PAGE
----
I recently changed my nginx config to redirect all http traffic to https (and all www traffic to no-www).

Would it make sense to also add add_header Strict-Transport-Security "max-age=31536000; includeSubDomains" always; to my server blocks as well? Or that's unneeded since I'm already redirecting all traffic? Would be great to know the pros (and cons, if any).

In case relevant, my current virtual host configuration is:

server {
    server_name example.com www.example.com;

    listen 80;

    return 301 https://example.com$request_uri;

server {
    server_name www.example.com;

    listen 443 ssl;

    ssl_certificate /etc/nginx/ssl/cert_chain.crt;
    ... other SSL related config ...

    return 301 https://example.com$request_uri;

server {
    server_name example.com;

    listen 443 ssl;
    ... other SSL related config ...

    ... remaining server configuration ...

HSTS tells the browser to always use https, rather than http. Adding that configuration may reduce the need for forwarding from http to https, so it may very slightly increase website performance and very slightly decrease server load.

For reference, here's the security headers I use on my Nginx based websites. I save this to a single file and include it from all servers that need it, including http and https servers. It allows some common resources like Google and Facebook to load.

# Security headers
add_header Strict-Transport-Security "max-age=2592000; includeSubDomains; preload";
add_header X-Frame-Options DENY;
add_header X-Content-Type-Options nosniff;
add_header Content-Security-Policy "default-src 'self' www.google-analytics.com ajax.googleapis.com www.google.com google.com gstatic.com www.gstatic.com connect.facebook.net facebook.com;";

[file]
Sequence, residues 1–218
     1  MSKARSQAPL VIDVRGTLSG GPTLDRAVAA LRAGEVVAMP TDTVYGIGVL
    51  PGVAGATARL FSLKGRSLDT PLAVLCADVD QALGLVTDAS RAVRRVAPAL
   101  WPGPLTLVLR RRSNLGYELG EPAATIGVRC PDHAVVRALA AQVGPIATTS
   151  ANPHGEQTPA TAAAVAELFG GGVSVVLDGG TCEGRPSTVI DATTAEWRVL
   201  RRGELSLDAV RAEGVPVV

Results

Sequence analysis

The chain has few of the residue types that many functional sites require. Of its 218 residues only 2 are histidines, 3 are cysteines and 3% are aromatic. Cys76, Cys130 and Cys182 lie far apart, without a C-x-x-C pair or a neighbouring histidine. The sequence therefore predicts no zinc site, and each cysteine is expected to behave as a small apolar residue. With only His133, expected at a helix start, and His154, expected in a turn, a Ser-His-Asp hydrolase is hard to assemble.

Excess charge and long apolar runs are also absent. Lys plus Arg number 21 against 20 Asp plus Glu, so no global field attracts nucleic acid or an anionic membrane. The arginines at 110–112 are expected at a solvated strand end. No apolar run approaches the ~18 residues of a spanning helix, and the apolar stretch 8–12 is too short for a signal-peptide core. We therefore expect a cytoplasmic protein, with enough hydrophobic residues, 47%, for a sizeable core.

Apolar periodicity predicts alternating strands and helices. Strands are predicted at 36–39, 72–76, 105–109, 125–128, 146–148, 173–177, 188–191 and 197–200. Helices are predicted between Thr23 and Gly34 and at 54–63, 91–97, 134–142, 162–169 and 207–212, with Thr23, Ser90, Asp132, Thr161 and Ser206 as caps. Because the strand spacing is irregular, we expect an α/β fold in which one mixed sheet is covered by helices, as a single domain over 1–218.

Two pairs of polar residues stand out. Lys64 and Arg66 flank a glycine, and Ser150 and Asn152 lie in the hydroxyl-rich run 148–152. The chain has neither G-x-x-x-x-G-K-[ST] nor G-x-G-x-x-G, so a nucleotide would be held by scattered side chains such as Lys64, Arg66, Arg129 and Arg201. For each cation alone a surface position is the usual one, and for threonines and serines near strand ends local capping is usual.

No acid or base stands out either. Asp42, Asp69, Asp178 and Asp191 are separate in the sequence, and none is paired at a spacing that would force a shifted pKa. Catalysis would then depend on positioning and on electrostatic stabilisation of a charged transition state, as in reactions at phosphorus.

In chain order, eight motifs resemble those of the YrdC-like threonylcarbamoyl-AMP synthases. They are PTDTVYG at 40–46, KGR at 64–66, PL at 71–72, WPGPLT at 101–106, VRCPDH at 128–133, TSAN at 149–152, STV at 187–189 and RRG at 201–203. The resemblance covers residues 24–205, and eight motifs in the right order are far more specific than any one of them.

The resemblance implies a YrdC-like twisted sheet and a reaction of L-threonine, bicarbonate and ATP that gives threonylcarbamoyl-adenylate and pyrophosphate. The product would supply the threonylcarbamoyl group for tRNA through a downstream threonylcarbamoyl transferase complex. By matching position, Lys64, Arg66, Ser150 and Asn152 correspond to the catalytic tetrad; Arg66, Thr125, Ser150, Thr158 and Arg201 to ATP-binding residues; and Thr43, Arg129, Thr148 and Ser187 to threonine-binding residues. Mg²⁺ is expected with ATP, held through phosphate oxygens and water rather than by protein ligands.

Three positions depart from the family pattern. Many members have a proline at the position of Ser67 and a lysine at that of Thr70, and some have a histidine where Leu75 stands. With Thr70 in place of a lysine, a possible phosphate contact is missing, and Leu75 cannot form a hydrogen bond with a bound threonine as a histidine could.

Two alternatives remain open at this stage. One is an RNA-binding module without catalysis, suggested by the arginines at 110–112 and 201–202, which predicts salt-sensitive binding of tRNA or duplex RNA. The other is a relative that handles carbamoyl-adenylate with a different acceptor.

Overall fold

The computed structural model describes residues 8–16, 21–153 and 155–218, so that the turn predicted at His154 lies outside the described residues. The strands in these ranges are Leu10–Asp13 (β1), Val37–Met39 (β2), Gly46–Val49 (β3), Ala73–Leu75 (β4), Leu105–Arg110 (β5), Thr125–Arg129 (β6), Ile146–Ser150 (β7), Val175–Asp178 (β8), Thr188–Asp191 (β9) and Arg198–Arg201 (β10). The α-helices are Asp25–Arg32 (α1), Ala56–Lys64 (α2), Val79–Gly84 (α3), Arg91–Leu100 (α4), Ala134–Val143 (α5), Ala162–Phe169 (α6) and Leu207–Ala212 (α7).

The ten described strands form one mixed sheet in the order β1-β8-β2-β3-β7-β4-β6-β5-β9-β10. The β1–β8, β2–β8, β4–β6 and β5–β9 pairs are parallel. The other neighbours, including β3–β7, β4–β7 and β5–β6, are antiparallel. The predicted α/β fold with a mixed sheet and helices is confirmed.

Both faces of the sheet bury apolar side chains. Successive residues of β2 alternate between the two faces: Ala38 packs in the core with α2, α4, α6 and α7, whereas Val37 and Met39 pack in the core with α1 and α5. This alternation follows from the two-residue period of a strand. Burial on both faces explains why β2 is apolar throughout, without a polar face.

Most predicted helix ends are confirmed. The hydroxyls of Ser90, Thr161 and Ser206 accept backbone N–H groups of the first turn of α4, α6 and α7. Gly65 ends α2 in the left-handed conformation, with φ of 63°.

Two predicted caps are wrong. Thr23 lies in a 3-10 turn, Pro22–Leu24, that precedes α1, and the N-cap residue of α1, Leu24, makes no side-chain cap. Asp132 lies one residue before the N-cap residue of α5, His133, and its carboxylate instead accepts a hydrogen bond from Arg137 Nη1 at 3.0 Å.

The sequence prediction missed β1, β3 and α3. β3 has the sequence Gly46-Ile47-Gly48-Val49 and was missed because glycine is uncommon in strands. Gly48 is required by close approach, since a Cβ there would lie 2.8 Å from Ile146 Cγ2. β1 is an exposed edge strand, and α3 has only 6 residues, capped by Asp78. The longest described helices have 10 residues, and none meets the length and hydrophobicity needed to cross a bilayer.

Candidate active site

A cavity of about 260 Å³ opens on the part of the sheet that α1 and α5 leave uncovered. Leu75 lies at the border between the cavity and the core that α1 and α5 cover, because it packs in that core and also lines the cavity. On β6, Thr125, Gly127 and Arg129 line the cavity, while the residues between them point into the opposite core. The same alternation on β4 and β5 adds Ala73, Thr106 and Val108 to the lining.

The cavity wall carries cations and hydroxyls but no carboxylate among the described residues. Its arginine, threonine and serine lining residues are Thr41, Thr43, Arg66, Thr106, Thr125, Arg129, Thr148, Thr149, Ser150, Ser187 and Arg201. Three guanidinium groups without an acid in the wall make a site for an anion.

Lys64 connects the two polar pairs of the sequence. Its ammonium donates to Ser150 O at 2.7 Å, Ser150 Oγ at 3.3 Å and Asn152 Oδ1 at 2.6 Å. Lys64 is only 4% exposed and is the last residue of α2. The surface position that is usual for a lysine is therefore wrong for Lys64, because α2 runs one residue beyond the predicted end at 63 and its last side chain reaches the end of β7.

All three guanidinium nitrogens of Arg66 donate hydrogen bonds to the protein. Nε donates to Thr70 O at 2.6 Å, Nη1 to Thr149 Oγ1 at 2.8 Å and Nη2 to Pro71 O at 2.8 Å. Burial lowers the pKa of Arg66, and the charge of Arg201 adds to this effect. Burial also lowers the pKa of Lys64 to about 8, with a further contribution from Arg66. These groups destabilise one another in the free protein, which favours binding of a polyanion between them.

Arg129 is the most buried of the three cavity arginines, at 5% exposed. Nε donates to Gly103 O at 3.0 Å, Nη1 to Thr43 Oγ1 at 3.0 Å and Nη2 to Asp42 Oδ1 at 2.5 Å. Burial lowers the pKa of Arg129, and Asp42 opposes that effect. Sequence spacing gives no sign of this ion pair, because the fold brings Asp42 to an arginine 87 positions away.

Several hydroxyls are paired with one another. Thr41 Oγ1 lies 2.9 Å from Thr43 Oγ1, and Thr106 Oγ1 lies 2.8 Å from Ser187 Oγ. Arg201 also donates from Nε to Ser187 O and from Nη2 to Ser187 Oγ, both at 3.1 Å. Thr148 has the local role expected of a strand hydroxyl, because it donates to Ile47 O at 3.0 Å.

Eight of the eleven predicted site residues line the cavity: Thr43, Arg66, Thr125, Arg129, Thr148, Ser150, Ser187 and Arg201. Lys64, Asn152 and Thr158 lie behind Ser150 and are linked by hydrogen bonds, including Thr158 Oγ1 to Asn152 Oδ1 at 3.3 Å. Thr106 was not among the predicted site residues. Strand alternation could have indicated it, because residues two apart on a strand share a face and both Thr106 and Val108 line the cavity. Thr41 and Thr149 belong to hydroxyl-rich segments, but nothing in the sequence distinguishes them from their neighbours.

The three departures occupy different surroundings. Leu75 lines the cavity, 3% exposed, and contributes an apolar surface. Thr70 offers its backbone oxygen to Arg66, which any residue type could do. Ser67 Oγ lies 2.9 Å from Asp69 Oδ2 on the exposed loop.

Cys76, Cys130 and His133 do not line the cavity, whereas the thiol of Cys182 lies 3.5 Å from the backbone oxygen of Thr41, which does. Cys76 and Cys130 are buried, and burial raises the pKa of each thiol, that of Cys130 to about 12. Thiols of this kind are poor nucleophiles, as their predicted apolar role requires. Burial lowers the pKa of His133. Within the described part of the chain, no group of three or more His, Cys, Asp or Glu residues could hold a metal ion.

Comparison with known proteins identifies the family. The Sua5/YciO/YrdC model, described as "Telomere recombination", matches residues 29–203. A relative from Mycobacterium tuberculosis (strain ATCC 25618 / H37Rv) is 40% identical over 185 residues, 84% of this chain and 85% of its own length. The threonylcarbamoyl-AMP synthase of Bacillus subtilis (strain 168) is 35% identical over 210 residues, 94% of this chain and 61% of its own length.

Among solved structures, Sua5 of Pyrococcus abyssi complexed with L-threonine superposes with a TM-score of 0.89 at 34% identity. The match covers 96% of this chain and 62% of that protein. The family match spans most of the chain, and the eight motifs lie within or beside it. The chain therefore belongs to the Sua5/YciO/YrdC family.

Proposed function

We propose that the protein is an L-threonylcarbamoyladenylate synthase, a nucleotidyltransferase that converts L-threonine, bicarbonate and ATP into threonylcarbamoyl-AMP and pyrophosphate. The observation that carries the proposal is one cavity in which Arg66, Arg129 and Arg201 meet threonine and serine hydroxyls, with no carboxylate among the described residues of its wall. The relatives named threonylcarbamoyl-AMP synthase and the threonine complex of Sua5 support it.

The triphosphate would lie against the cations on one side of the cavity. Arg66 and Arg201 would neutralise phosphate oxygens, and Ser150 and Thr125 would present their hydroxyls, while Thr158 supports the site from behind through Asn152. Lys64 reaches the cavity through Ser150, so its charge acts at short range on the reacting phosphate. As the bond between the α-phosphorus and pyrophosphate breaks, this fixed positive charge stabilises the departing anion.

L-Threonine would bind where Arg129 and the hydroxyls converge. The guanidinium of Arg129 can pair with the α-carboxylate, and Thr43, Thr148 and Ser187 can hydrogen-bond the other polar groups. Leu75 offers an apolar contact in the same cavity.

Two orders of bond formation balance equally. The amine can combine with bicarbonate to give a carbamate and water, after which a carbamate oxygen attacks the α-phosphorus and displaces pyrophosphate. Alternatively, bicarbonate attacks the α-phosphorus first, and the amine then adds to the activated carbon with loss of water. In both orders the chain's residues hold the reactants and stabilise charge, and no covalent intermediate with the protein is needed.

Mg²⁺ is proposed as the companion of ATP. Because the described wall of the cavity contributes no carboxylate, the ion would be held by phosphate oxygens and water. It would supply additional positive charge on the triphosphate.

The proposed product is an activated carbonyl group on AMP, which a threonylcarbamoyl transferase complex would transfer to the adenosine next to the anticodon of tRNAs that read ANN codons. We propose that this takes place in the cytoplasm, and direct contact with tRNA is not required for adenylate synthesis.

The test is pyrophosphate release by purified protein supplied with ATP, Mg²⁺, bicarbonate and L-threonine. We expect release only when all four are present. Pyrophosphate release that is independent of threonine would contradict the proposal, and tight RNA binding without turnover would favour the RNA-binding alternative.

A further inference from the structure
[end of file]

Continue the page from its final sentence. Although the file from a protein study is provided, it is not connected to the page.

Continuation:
add_header X-XSS-Protection "1; mode=block";
add_header Referrer-Policy "origin";


You still need the http to https redirection in place.

  • Okay, good answer but it creates one confusion for me. I.e., would I need to do away with the redirection going on in my nginx config? I'm now confused as to what the final config would look like. Would be great if you could add a bit more illustration to your answer. – Hassan Baig Sep 21 '17 at 22:32
  • 1
    The best practice is to use both redirect and HSTS. Redirect makes sure that first-time visitors to your site get forwarded to a TLS connection. HSTS makes sure that browsers won't even try to connect via HTTP, which makes things more secure. You should add Tim's directives to your server block for the TLS connections (port 443). – Tero Kilkanen Sep 21 '17 at 22:35
  • I never said to remove redirection. You want both. – Tim Sep 21 '17 at 22:40
  • @TeroKilkanen: and like you advised previously, I should add these headers under all blocks using listen 443 ssl;, or just the one containing the main configuration? – Hassan Baig Sep 21 '17 at 22:47
  • Put the directives into a single file, include them from every server block - not just the https servers, include the http servers. – Tim Sep 21 '17 at 23:28

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